The way I like to kind of think about where health in medicine is globally is that obviously over the last few years there's been an intensive focus on the digitization of health both here in the United States and also around the world. And the reason for that is that there are so many issues related to a worsening health outcomes for people around the world and increasing aging population. Medical expenses and healthcare expenses that continue to skyrocket. And so what people have decided is that there's something about the use of digital technologies that can potentially help solve some of these issues. And so for obviously the folks listening into this podcast understand that digital technologies are certainly important. The key thing that should be on everyone's mind is not so much whether or not digital technologies will go away in health care or they'll die as some people have discussed but more about what are the most effective ways to implement these technologies to solve those pressing issues that I mentioned earlier. And so I think everyone whether they're an individual physician or working at the highest levels of provider organizations that certainly on their minds I know this from my conversations with them. But it should be something that everybody's focused on how do we implement in a way that's going to help us to solve these problems and a very efficient and cost effective way.

So when we're talking about these new and innovative technologies some are rock and roll and some are fallen by the wayside. Would you say the key to implementing these technologies in an impactful way and how are you guys doing some things like that to improve outcomes?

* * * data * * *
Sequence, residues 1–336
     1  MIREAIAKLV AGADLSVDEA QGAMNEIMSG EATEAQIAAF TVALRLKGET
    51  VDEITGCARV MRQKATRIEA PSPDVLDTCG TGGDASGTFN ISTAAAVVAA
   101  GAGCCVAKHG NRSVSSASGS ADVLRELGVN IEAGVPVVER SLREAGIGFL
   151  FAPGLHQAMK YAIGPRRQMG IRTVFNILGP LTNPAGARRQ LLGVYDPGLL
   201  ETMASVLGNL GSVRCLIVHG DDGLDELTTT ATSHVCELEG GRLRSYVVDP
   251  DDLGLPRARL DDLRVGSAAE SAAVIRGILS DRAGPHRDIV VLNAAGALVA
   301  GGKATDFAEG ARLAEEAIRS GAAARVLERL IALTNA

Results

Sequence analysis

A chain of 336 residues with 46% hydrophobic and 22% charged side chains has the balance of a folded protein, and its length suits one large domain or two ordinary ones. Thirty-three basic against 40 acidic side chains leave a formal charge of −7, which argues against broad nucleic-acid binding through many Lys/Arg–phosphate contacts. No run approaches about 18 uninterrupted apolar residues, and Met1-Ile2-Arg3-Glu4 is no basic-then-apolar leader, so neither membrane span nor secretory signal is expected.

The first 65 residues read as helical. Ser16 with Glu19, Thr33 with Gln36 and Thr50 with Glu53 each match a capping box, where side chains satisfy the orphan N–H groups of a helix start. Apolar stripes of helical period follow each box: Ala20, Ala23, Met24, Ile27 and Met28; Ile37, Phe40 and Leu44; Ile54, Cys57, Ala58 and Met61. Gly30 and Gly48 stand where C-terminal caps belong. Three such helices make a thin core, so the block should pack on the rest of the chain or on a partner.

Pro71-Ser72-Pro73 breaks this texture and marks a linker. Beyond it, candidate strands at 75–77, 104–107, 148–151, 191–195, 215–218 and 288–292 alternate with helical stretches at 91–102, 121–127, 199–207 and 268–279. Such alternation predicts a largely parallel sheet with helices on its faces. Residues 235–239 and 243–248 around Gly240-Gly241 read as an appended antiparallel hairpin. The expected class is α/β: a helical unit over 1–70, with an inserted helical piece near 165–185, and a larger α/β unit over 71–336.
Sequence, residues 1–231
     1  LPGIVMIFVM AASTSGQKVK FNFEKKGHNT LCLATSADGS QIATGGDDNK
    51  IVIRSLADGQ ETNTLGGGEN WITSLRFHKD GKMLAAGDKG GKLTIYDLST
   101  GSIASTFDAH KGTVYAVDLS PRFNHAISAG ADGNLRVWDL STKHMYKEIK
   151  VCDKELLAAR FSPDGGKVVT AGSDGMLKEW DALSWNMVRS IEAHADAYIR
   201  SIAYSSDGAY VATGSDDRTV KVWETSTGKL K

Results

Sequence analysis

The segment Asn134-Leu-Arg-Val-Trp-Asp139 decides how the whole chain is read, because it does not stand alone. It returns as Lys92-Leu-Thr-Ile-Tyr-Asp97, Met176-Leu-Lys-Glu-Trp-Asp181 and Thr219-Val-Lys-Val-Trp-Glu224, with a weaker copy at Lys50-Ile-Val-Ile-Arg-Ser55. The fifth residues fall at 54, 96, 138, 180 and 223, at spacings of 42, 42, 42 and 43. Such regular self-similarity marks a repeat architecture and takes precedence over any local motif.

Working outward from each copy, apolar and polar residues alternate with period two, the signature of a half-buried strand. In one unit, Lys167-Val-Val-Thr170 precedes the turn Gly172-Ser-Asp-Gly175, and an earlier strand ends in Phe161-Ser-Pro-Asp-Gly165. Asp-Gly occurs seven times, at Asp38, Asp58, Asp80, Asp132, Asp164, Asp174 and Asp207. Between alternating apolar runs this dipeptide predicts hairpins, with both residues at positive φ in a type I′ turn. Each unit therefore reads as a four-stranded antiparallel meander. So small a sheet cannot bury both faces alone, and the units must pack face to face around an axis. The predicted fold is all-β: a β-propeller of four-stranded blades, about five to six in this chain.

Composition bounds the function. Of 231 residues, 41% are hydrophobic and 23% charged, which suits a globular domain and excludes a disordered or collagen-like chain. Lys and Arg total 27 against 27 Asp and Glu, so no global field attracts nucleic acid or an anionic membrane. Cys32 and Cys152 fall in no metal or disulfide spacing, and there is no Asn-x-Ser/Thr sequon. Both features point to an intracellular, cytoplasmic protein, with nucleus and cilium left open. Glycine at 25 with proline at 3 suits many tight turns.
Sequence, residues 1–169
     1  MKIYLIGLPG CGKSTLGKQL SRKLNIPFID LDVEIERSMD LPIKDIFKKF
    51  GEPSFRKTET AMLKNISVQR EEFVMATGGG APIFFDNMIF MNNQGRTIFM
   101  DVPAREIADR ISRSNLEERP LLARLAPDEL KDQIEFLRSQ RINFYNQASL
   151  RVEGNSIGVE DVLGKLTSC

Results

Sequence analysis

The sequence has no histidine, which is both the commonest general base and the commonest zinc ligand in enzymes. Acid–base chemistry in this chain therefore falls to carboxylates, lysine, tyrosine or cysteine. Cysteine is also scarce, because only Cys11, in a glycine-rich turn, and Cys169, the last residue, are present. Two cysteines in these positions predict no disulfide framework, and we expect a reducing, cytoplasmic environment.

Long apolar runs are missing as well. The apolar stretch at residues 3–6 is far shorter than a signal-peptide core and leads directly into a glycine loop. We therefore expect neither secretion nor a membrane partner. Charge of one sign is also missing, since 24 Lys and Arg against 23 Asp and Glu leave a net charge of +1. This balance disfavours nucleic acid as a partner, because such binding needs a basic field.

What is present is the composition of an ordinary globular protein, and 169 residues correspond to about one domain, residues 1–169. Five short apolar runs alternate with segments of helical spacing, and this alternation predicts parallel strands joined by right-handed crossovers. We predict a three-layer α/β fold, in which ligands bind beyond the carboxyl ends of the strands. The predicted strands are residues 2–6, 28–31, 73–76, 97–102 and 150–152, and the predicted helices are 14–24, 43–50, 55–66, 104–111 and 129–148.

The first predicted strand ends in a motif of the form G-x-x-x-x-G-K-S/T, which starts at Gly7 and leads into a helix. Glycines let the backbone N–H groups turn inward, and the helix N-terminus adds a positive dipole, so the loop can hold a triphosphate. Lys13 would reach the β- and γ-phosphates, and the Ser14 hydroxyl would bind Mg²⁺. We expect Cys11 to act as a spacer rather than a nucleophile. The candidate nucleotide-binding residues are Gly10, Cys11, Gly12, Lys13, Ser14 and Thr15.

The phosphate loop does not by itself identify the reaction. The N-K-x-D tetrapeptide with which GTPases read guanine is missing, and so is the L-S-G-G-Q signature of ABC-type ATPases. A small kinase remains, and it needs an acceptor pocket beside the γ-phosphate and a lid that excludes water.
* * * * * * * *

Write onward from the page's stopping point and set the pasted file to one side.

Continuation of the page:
Sure so you know one of the things that I've really been focused on in the context of what I call this age of implementation is how organizations are actually working their way up. Something else that I call the Innovation Integration curve right. So we have a lot of innovations that are being developed by maturing organizations around the world and the challenge that health organizations face is how do they take these innovations and actually integrate it into their operations so that they can improve health outcomes save money etc.. And so the way to kind of think about this Innovation Integration curve is kind of in three stages that are very easy to communicate. The first stage is just becoming aware of these technologies and allowing the organization to become educated about the best ways forward the ways that they could potentially impact health. The second is once people have made a determination that these technologies could actually be helpful after stage one the kind of enter into stage two which is what I call engagement and capacity boosting. So basically that means launching pilot projects and really developing the internal capabilities to utilize these technologies to the best of their ability. And then after Stage 2 after the organization has a good sense of how to use these technologies in some limited ways they can then think about how do they actually scale these technologies and make them have the ability to use them proficiently across numerous therapeutic categories use cases et cetera. And so as you think through this Stage 1 Stage 2 Stage 3 it's both a communication strategy in terms of talking within the organization about where you are on the innovation integration process and then also engaging in specific types of activities related to each stage that will help you kind of systematically engage with these tools. And so the way that I talk about technology may be a bit different from maybe what some of you listening are used to. Usually there's an emphasis on maybe some specific technology trends such as artificial intelligence or the Internet or voice with applications such as Alexa. My focus in terms of the work that I do with organizations around the world is really helping them to systematically move through these stages so that they can understand where innovation can happen within the organization. The best way is to implement that and then finally be successful.